Molecular characterization and phylogenetic position of Xiphinemella esseri

The D2-D3 of 28S rRNA gene alignment generated with modified parameters (gap opening = 5 and gap extension = 3) was 907 bp in length and contained 64 sequences. Phylogenetic relationships of X. esseri within selected dorylaimid nematodes are given in Figure 2. Two sequences obtained from two specimens of X. esseri differed in 3 bp and clustered together (Clade XI). Relationships of X. esseri with other dorylaims were not resolved. This result is most likely due to the lack of 28S rDNA sequences of other leptonchid genera.

Figure 2:

Bayesian 50% majority rule consensus tree as inferred from the D2-D3 expansion segments of 28S rRNA gene sequence alignment under the GTR + I + G model. Posterior probability values more than 70% are given on appropriate clades. New sequences are indicated by bold letters.

10.21307_jofnem-2021-032-f002.jpg

The 18S rRNA gene alignment was 1754 bp in length and contained 66 sequences. Phylogenetic relationships of X. esseri within selected dorylaimid nematodes are given in Figure 3. Sequences obtained from X. esseri clustered with those of several other genera of Leptonchidae (Leptonchus, Tyleptus, Funaria, and Proleptonchus) in a well-supported clade (posterior probabilities BI: 96). This result supports and justifies the classification of Xiphinemella under the family Leptonchidae.

Figure 3:

Bayesian 50% majority rule consensus tree as inferred from the 18S rRNA gene sequence alignment under the GTR + I + G model. Posterior probability values more than 70% are given on appropriate clades. A new sequence is indicated by bold letters.

10.21307_jofnem-2021-032-f003.jpg

Distribution and biological considerations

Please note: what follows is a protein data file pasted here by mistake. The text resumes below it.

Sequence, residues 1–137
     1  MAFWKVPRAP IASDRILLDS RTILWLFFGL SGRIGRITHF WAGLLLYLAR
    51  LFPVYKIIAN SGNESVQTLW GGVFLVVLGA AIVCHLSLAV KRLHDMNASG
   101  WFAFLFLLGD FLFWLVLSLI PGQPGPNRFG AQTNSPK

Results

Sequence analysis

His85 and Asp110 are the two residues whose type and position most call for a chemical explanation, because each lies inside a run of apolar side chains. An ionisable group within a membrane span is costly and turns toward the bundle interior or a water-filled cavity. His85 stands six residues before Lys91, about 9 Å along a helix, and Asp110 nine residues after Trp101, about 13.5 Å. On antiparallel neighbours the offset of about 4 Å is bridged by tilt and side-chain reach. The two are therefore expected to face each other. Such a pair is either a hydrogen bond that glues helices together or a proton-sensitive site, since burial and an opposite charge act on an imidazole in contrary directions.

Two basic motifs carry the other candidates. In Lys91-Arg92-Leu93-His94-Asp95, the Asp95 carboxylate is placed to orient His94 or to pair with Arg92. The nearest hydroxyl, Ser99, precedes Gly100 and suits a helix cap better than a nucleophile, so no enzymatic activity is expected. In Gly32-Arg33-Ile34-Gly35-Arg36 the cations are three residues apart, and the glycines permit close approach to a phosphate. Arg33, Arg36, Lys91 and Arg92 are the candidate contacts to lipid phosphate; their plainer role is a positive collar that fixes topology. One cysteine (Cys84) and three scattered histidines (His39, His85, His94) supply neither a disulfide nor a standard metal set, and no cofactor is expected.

Xiphinemella species have been reported associated in many geographical regions with forest trees and herbaceous plants such as cowpea (Vigna unguiculata (L.) Walp.), rice (Oryza sativa L.) and others (De Bruin and Heyns, 1991). However, there are no reports on the feeding habits of these species. So far, the species X. esseri has been found only in Florida, where it is often associated with oak trees such as live oak and Spanish oak or Southern red oak (Quercus falcata Michx.). The original population described by Chitwood was collected from a Spanish oak growing in the north west section of the city of Gainesville, an area now developed into residential subdivisions and apartment complexes. For their re-description, De Bruin and Heyns (1991) used specimens collected by R. P. Esser from weeds associated with Magnolia grandiflora L. in Brandon (about 200 miles south of Gainesville). The specimens used for this study were collected from live oaks in a tree farm operation located in the city of Alachua (latitude 29°88′00.63″ N, longitude 82°48′26.41″ W). The nematode records of the Florida Department of Agriculture and Consumer Services indicate that movement of this nematode with the trade of infested oak trees to other localities in and outside Florida has occurred for a long time. Many longidorids such as Longidorus longicaudatus (Siddiqi, 1962), species of Xiphinema americanum group and Xiphinema setariae (Luc, 1958) feed on oak roots and are associated with X. esseri. It seems X. esseri may also have plant parasitic habits as suggested by Chitwood (1957), although the parasitism of this species has not been scientifically demonstrated. For the convenience of taxonomists, we have deposited nine females and seven males mounted on glass slides in the nematode collection of the National Museum of Natural Sciences, Madrid, Spain; in addition, three females, two males and five juveniles were sent to the United States Department of Agriculture Nematode Collection, Beltsville, MD, USA.